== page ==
Signaling pathways

Phosphospecific flow cytometry

Signal transduction is a process of communication within the cell that consists of controlled cascades of protein modification. It can occur as a result of direct interaction between neighboring cells or detection of cell-signaling molecules, which include nutrients, oxygen, growth factors, and hormones. Complex networks of multiple signaling pathways allow cellular responses to be coordinated and highly sensitive. Dysregulation of these pathways can lead to various disease states, that’s why signaling molecules often become the aim of scientific investigation leading to development of effective therapies.

The membrane receptors are starting points of many signaling pathways. Such receptors are classified into several groups, including enzyme-linked receptors, G-protein-coupled receptors (GPCRs), and ion channel receptors. For example, the receptor tyrosine kinases (RTKs) belong to the first group and exert physiological effects via protein phosphorylation and dephosphorylation events. Being implicated in many pathologies (cancer, atherosclerosis, and diabetes) enzyme-linked receptors are an attractive therapeutic target.

Phosphospecific flow cytometry is uniquely suited to study intracellular signaling pathways, because cell types can be distinguished by surface markers and simultaneously analyzed for phosphorylation states of signaling proteins. In phosphoflow, cell populations are stimulated with a ligand specific to a membrane receptor. Then, the cells are fixed using paraformaldehyde, such treatment preserves the state of proteins within the cell. In the next step, detergents permeabilize the cell membrane, allowing fluorescently labeled antibodies to enter the cell and bind to the phosphorylated proteins.

Phosphospecific flow cytometry can complement analysis of cytokine receptor expression, as it can be correlated with testing of responsiveness to their cognate cytokines and show actual functional activity in addition to surface expression.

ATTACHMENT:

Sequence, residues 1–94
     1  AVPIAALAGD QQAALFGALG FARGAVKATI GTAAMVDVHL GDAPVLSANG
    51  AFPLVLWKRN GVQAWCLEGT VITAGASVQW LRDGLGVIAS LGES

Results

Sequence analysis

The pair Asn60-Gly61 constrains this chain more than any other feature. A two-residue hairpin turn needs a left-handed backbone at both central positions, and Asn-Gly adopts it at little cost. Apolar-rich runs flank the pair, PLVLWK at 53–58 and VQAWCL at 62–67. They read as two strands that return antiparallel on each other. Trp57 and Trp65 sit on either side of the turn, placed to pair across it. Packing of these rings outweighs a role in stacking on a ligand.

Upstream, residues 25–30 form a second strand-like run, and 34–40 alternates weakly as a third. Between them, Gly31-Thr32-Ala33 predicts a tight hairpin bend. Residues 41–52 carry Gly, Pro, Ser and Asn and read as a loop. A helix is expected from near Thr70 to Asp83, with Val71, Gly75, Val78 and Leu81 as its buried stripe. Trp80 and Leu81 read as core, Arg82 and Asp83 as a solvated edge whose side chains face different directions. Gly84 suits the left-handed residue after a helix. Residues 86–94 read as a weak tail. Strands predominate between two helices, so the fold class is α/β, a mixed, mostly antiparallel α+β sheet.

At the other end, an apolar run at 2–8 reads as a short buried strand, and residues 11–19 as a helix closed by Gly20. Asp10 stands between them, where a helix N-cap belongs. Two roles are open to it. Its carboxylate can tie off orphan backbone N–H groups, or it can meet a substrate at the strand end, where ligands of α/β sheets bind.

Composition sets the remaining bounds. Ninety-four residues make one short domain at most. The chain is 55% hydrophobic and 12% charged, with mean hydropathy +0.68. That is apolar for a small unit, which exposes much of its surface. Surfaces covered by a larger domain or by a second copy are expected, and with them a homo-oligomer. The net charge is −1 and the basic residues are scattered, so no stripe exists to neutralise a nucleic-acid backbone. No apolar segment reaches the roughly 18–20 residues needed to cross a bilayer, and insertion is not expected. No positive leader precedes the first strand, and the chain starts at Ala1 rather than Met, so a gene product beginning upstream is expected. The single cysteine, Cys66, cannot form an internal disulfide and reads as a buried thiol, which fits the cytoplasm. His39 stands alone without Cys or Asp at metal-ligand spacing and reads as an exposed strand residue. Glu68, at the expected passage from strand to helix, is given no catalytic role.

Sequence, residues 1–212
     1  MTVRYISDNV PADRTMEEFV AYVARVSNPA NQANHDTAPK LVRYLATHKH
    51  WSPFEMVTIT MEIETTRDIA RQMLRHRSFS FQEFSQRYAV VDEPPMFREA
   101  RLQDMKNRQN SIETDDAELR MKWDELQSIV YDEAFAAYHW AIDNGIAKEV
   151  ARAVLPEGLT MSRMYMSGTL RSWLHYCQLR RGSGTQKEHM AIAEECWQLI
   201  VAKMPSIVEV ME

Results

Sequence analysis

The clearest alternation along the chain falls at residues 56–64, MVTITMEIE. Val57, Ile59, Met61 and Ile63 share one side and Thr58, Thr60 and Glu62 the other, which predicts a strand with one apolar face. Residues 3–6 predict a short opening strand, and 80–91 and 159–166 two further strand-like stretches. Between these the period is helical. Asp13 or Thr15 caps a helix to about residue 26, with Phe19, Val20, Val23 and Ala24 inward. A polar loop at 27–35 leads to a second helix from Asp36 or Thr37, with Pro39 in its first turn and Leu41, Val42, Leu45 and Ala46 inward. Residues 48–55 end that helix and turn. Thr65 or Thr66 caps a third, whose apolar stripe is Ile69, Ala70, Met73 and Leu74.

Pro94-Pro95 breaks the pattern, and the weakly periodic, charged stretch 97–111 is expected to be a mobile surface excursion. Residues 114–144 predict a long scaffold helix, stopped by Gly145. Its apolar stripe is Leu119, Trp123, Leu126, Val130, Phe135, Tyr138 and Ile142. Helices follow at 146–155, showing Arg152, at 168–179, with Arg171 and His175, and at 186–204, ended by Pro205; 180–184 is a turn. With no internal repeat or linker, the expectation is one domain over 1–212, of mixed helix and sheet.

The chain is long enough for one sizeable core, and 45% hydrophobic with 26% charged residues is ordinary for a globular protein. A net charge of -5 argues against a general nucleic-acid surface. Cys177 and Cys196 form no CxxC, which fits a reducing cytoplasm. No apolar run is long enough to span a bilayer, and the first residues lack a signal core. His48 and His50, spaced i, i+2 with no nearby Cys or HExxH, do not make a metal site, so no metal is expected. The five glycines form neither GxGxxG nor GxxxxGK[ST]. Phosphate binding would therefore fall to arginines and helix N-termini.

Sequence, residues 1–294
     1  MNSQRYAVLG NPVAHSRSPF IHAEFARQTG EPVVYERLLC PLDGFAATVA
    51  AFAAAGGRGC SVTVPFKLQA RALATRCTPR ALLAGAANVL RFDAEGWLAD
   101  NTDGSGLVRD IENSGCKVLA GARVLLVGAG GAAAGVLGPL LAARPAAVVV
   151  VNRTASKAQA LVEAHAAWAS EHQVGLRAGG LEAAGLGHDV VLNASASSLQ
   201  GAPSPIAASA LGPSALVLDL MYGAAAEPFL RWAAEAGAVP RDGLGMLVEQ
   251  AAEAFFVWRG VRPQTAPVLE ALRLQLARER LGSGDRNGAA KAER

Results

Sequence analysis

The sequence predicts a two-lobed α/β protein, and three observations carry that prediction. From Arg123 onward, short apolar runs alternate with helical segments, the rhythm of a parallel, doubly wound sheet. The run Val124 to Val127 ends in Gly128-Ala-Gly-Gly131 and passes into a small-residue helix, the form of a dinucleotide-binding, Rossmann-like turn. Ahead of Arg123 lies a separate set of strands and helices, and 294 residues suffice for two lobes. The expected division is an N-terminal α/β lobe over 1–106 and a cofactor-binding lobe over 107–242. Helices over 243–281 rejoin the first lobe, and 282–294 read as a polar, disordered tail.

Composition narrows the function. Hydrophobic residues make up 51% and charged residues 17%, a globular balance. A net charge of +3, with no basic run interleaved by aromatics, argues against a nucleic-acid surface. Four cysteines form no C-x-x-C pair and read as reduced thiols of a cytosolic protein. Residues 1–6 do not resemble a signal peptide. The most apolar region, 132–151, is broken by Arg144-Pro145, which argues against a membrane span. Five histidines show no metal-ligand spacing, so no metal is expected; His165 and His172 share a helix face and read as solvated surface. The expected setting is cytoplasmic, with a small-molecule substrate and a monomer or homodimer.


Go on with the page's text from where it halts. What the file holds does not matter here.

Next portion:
Phosphoproteins extensively studied by flow cytometry:

Table from Sara de Biasi webinar "Mitochondrial Functionality and Metabolism in Human T Cells", October 13, 2020

Staining recommendations

Considering phosphospecific flow cytometry experiments, one can follow the protocol published by Nolan et al, 2003.

Staining steps from the article:

- Use at least 106 cells for the analysis,

- Fix cells with 1.5% formaldehyde 10 min at RT (one can add 16% formaldehyde directly into the culture medium to obtain a final concentration of 1.5%).

- Permeabilize with ice-cold MeOH (resuspend the cells with vigorous vortexing in 500 μl ice‐cold MeOH).

- Incubate on ice for 10 min.

- Store at -20°C or continue with the protocol

- Wash cells 3 times with PBS/1% BSA then resuspended in staining media.

- Complete according standard protocol.

This protocol is described in details in the above mentioned publication: Krutzik, P. O. & Nolan, G. P. Intracellular phospho-protein staining techniques for flow cytometry: Monitoring single cell signaling events. Cytometry 55A, 61–70 (2003). PMID: 14505311 DOI: 10.1002/cyto.a.10072
Ready to use kits (BD CBA Cell Signalling Flex Set System) and solutions (BD Phosflow™ buffers) for staining of phosphorylated proteins are provided by Becton Dickinson. One can find useful information under the link below: